A Bard’s Tale (Excerpt) 12/14/18
“I told everyone, but they are busy with the fields this time of year,” Credence said. “We are only a small village that doesn’t have much to offer after the king takes his taxes. We’ve been hit three times already the past year-”
“It’s fine, really,” Cade said holding up his hands to her, “he’s just dramatic at times. Don’t pay any mind to him.”
Neil watched the exchange and felt a bubble of annoyance begin to fill inside him.
“Who’s ready for some music?” Neil said pulling out his lyre. “Any requests?”
“Now we’re talking,” Tevarin boomed, “maybe some music will bring in some more people, Faleth.”
Neil walked to the stage feeling the eyes of the three travelers as well as Credence and her family on him. He sat slowly in the chair and checked the tuning on the strings. Methodical and calmingly they came into true tone without much effort.
Neil took a deep breath, closed his eyes, and let his fingers dance across the strings. The notes were perfect as he played some of the classic songs his mother had taught him. The Wandering Bard went over spectacularly in his opinion, with Cade joining him for each chorus. The halfling’s voice was surprisingly pleasant and at the end of the song, where the Bard dies, he was almost certain he saw Tevarin’s hand wipe at the corner of her eye.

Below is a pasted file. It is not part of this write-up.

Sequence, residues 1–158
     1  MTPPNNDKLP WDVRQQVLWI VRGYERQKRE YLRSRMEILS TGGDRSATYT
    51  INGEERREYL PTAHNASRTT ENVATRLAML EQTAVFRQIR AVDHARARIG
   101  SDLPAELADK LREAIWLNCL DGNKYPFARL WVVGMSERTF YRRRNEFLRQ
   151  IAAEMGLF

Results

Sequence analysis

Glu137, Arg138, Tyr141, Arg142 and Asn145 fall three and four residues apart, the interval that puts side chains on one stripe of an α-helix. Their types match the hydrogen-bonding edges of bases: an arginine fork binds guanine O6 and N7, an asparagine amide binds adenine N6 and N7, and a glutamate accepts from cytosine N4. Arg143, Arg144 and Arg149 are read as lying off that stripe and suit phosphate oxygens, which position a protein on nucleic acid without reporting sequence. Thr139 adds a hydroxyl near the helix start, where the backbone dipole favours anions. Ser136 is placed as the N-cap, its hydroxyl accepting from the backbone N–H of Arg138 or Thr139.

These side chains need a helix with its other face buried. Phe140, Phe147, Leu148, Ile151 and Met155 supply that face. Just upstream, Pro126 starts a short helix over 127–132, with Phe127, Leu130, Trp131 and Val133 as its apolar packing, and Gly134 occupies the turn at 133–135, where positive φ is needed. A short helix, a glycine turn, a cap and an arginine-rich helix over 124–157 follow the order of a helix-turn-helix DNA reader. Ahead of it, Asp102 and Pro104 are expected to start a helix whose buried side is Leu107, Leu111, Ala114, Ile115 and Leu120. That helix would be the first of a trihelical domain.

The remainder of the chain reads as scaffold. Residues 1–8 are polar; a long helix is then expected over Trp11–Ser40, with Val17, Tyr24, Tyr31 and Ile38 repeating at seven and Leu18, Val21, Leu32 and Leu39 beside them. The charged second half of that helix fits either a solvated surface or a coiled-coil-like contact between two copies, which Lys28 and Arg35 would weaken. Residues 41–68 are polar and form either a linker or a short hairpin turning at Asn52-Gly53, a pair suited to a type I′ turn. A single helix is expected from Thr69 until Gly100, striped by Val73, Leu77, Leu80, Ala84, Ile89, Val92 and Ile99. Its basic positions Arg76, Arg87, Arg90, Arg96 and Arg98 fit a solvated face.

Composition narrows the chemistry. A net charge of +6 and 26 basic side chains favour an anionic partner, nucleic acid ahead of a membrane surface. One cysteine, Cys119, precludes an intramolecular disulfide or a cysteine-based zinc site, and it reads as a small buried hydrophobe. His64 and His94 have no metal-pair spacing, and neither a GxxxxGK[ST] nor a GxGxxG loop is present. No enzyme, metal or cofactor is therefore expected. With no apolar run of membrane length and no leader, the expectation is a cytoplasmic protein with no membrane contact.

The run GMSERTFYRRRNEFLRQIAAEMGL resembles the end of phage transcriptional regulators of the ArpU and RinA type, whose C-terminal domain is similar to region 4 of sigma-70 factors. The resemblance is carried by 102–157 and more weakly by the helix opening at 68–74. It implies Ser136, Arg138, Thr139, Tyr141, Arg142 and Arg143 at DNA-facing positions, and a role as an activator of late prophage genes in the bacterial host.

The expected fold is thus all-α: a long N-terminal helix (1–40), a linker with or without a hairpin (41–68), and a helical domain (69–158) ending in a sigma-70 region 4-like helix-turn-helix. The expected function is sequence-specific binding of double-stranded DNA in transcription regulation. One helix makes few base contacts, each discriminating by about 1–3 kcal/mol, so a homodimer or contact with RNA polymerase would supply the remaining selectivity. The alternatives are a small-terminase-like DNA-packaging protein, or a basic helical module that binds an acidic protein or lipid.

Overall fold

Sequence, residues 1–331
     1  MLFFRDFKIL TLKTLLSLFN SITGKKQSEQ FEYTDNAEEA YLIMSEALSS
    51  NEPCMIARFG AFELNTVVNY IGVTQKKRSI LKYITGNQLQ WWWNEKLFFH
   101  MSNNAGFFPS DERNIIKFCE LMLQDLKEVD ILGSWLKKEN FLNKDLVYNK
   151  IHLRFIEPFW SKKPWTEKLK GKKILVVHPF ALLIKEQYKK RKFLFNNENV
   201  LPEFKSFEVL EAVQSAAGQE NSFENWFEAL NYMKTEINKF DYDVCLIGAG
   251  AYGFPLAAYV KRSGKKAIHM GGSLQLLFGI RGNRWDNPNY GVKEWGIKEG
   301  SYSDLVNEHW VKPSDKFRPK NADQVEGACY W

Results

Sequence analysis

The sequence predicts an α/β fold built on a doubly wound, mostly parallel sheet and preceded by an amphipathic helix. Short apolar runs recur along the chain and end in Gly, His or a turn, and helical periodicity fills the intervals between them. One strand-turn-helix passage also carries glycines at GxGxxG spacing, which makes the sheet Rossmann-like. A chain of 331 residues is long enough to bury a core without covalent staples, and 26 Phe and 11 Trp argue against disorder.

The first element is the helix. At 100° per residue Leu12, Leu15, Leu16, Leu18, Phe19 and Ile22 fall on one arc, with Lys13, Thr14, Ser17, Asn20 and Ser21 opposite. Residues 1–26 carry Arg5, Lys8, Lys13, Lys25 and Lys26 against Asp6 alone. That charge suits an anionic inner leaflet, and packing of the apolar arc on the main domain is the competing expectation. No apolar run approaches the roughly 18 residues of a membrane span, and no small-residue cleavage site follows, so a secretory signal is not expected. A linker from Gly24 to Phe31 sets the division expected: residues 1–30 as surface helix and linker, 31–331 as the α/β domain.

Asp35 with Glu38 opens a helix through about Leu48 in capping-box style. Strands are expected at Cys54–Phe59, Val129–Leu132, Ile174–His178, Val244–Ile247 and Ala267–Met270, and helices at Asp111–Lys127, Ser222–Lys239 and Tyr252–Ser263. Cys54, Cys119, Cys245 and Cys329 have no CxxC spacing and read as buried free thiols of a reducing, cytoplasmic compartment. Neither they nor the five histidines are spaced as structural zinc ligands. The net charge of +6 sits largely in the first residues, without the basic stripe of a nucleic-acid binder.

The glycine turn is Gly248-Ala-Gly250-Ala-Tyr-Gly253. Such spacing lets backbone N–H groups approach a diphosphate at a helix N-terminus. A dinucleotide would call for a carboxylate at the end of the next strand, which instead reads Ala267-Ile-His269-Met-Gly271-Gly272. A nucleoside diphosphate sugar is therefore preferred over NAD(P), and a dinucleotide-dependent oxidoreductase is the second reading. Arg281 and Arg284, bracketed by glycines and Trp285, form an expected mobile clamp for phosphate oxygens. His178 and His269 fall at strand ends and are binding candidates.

Neil played The Fighter’s Ballad specifically at the request of Tevarin, then The Hills of Glad Glen for Cade. Faleth was decidedly quiet, his eyes fixed on Neil as the firelight danced in his amber eyes.
Fiona danced as Jack slapped his thigh to the beat and Credence listened. Neil’s fingers moved with a life of their own, flitting from string to string. They danced as though possessed, and though he had played the songs hundreds of times previously, his melody became complex and unfamiliar as the songs poured out of him.
The world became a blur of movement and melody combining to instill a sense of energy in him that he had never felt before. He lost sight of the faces in the audience as sweat began to bead on his forehead. He closed his eyes to not feel overwhelmed by the increasing sense of dizziness that threatened to topple him. It was in the middle of Ogre’s Song that he stopped recognizing the music he was playing, it frightened and exhilarated him.
After half an hour of playing tunes he didn’t recognize, Neil’s hands became still and the sound echoed through the room. He felt drained of the energy he had felt previously as a shiver went through his body. The fire had gone out behind him and he was drenched in sweat. He looked around the room and saw the stunned faces of his audience.